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Manhole Covers Become Art

The utilitarian manhole cover is getting a lot of attention in the U.S. these days. India is the world's leading manufacturer of manhole covers -- many of which make their way to the U.S. As Amy Katz reports, in this story produced by Deepak Bobhal of VOA's Hindi Service, they now are being turned into usable art.

On the busy streets of New York City people rush from place to place without even noticing them. But the 50 kilogram round plates that prevent people from falling into the city's manholes actually bear very intricate designs. Though their function is to cover the holes in streets through which sewers, drains and other structures are reached; manhole covers have long been admired for their beauty. Now designers are turning them into usable art, which people are paying a lot of money to own.

Michael Miller is one such artist. He is turning manhole covers into tables. "When I get reaction from people who have bought them or who want one, they are very enthusiastic about it."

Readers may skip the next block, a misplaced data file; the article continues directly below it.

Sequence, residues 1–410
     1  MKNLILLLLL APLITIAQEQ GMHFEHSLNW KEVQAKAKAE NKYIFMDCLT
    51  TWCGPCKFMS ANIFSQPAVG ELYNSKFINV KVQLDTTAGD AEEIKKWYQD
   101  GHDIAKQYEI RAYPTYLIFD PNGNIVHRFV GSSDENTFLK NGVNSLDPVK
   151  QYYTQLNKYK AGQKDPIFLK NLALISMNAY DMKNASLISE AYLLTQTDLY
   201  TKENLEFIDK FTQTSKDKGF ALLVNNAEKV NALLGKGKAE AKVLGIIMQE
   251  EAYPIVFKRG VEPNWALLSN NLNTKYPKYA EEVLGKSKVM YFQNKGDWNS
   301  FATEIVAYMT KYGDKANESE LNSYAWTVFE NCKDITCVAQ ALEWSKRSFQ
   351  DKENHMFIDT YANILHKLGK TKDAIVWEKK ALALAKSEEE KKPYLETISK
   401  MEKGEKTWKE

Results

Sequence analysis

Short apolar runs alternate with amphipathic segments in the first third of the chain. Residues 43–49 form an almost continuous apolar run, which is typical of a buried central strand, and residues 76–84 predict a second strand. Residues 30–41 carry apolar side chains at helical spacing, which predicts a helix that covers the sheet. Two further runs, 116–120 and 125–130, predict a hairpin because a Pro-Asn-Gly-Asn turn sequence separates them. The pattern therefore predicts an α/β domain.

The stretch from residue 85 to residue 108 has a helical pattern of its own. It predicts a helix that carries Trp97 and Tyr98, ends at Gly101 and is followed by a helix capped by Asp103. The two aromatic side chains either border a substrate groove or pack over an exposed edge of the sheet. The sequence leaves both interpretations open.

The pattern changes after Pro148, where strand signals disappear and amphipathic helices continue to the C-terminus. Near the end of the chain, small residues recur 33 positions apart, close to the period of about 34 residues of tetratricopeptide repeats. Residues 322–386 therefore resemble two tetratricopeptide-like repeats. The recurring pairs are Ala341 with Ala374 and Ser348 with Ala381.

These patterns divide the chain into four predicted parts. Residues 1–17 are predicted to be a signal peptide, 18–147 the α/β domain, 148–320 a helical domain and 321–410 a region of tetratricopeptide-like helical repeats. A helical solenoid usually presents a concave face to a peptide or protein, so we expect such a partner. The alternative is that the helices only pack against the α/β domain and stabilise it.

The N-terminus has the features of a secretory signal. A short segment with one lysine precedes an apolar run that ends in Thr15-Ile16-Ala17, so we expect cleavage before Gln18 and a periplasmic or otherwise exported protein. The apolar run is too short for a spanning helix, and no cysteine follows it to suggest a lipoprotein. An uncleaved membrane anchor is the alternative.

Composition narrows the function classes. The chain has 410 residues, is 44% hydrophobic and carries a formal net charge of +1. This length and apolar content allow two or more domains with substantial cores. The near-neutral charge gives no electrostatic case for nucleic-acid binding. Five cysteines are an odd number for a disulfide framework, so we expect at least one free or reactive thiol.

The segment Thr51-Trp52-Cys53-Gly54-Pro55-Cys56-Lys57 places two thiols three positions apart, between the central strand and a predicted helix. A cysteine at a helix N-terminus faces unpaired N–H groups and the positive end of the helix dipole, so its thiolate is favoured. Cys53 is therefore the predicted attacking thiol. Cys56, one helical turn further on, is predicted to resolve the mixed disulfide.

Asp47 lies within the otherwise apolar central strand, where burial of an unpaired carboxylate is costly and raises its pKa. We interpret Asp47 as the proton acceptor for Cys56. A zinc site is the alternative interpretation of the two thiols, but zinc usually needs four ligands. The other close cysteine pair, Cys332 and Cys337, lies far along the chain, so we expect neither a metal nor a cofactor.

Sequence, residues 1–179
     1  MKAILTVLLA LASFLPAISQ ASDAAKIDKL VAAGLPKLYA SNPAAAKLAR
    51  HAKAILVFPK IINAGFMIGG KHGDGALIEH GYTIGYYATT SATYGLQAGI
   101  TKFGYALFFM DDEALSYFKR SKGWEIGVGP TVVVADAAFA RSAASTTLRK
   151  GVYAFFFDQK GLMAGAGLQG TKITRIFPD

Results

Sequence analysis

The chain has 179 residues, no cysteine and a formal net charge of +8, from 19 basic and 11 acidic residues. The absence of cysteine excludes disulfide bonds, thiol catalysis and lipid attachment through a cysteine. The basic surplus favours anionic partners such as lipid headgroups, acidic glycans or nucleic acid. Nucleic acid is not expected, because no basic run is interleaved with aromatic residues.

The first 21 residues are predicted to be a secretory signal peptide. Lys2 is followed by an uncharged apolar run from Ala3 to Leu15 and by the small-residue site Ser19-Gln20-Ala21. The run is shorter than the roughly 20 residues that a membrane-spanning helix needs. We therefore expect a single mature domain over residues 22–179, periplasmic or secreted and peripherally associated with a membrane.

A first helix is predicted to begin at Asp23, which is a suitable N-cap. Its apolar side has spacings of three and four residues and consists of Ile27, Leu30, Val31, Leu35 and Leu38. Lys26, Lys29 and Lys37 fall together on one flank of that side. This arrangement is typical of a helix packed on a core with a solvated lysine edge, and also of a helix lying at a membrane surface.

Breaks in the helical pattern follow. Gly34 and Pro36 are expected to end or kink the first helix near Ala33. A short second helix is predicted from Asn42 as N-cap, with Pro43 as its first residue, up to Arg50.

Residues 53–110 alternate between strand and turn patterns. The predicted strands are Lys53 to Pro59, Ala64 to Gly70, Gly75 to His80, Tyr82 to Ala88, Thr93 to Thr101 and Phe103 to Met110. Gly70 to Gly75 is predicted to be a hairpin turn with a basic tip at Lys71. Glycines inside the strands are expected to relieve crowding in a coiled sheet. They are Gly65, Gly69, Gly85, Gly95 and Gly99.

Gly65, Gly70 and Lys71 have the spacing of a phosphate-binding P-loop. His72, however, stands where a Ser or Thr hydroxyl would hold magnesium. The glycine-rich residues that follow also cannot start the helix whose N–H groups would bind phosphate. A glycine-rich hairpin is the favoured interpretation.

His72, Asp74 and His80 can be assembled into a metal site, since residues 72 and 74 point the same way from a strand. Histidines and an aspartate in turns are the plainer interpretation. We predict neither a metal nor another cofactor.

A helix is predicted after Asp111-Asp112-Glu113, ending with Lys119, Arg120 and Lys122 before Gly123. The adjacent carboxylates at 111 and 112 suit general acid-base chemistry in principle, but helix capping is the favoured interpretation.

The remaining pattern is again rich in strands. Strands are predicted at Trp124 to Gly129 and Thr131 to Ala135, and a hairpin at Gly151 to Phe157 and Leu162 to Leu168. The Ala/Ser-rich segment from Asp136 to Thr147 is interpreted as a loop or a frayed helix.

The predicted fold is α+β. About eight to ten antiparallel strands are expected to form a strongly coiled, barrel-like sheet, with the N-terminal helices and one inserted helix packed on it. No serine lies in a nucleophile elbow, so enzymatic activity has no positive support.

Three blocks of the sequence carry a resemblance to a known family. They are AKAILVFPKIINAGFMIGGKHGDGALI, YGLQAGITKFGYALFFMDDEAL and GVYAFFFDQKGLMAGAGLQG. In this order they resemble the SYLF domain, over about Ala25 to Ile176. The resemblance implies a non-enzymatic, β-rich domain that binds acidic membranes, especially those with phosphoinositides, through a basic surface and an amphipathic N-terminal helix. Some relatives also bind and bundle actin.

Manhole covers are also gaining popularity as lamps. Michele Brody dreamed up the idea as she walked around New York City. "The manhole covers there just have some very wonderful unique patterns and designs. And when they are lit from behind, they have a wonderful glowing effect because I use this soft white light."

Buyers agree -- paying $450 a piece for her creations. But Michele Brody says she may be willing to drop her prices to make her manhole cover art more accessible and affordable.

She loves manhole covers so much; she even got involved in a public works project -- designing a series of manhole covers to commemorate some of New York City's history.